New York, July 24, 2017--Pakistani police should launch a thorough investigation into allegations that Federal Investigation Agency officials assaulted and briefly detained journalists in Islamabad last week, the Committee to Protect Journalists said today.
An FIA officer on June 21 allegedly harassed and detained Channel 24 reporter Saba Bajeer and Dawn News reporter Aitzaz Hassan while they questioned Muhammad Zafar-ul-Haq Hijazi, the head of the Securities and Exchange Commission of Pakistan, at an Islamabad hospital where he was being examined following his arrest on charges of tampering with records, according to news reports.
Bajeer told CPJ that an FIA officer insisted that she delete photographs she had taken of Hijazi with her phone, and that she agreed to do so, but that when she refused to hand over her phone, the official grabbed her arm and pushed her against a wall. The official also pushed Hassan and took his mobile phone and memory cards, Dawn reported.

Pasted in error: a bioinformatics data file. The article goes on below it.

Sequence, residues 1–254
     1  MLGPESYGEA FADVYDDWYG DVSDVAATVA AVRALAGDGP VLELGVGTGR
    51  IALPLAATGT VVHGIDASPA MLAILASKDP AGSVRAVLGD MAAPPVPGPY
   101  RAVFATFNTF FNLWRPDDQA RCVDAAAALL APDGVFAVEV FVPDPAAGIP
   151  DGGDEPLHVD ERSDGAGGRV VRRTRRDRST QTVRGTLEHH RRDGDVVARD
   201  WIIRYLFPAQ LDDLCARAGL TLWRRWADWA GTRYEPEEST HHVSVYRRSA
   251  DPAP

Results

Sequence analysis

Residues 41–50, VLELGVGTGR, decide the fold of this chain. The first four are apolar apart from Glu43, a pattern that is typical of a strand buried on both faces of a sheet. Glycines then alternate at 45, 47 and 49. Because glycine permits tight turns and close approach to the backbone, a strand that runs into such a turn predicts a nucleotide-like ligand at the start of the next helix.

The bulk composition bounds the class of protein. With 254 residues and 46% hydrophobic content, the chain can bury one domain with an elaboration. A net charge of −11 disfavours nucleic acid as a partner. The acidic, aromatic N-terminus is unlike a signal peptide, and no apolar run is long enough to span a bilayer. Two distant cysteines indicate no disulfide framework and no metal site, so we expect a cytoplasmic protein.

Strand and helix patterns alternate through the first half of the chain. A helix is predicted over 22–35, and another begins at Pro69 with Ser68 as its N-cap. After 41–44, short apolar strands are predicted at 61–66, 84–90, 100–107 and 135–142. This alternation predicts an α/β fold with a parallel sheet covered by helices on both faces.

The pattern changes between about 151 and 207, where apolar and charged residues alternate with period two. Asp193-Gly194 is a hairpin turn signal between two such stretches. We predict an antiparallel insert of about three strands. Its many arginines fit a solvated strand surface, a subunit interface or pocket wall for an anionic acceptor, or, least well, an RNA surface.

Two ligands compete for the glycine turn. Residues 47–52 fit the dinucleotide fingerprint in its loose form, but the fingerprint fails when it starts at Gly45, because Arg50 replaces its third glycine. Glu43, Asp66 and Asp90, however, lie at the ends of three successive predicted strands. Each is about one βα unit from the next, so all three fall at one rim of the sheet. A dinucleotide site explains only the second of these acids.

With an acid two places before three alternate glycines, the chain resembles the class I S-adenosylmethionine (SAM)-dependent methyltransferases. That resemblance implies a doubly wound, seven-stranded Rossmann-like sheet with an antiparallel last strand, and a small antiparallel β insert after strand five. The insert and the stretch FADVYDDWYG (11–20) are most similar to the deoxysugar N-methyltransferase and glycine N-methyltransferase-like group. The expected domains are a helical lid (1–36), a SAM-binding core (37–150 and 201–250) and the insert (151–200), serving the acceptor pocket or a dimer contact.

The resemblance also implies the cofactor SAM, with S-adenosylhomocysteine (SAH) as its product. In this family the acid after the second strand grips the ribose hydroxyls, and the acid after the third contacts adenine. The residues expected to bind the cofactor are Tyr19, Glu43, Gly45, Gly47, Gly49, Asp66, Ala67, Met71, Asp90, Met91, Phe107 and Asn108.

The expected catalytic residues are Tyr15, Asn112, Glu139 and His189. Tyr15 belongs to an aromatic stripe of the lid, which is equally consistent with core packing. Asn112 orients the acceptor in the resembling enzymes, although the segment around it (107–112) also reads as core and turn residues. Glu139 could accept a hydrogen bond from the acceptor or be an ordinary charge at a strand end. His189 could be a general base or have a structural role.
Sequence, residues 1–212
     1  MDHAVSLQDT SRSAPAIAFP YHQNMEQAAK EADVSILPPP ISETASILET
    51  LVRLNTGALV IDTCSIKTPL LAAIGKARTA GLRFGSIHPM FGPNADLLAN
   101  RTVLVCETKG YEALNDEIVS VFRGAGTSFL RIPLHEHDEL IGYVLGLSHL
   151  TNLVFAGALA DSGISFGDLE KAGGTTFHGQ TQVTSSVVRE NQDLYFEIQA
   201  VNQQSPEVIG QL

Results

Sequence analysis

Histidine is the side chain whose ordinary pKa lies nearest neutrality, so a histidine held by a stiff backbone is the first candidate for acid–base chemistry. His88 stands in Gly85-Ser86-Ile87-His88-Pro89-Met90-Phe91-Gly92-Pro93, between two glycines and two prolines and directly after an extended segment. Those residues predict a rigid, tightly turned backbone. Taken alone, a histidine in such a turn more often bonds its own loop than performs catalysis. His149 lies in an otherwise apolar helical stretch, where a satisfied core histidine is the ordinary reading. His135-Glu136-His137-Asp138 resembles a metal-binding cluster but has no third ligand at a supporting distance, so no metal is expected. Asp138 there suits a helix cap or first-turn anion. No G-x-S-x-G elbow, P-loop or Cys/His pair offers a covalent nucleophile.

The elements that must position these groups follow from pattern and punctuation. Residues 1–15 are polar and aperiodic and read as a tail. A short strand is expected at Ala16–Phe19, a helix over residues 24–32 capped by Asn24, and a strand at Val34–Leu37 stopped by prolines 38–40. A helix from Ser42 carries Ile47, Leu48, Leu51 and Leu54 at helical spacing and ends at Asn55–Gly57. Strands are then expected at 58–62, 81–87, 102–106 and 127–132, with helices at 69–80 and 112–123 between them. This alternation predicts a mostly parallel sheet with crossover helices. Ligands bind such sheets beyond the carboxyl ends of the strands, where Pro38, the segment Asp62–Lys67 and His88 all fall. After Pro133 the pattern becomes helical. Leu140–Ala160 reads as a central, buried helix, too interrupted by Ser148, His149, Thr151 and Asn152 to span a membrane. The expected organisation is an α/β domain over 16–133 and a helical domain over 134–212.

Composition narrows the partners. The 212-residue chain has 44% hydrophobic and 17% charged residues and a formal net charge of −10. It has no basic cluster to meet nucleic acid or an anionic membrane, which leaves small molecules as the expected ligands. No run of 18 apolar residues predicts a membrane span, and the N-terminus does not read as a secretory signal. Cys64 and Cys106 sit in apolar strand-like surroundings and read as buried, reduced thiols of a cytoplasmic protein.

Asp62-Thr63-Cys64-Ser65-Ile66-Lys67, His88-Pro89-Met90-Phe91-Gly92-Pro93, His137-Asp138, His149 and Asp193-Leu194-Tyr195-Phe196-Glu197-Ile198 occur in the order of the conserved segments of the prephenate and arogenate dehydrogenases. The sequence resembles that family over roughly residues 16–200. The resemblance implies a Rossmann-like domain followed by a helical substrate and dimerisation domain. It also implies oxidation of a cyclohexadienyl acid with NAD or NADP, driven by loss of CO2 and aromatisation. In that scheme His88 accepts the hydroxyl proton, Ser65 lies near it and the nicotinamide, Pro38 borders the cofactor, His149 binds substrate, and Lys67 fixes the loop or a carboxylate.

Bajeer said the officer then detained her and Hassan for an hour, continued to threaten and to insult her, and forced her and Bajeer and Hassan to write and sign apologies. A Channel 24 team and other reporters arrived at the hospital to help the two, but FIA officials assaulted them, causing light injuries and damaging the journalists' camera equipment, Bajeer said. Dawn reported that members of Hijazi's family also assaulted the journalists.
Interior Minister Chaudhary Nisar Ali Khan requested a report on the incident, according to Dawn, and Ahmed Latif, the acting director of the FIA, ordered an inquiry as well, according to The Nation newspaper, but police did not opened a criminal investigation, according to Dawn. Journalists protested in Islamabad over the weekend to call on police to open a First Information Report, the first step toward a criminal investigation, on the alleged assault, Dawn reported.
"Pakistani police should show that no one, not even a federal law enforcement officer, is above the law, and that journalists cannot be attacked for asking questions and taking photographs," said Steven Butler, Asia program coordinator at CPJ. "Saba Bajeer and Aitzaz Hassan were simply doing their jobs and had done nothing to warrant being assaulted or detained."
FIA officials did not respond to CPJ's phone calls or email requesting comment.
"I don't want what happened to me to happen to any other journalist," Bajeer told CPJ. "If these types of actions are allowed to keep happening, it will make it more difficult for women and all journalists to do their jobs."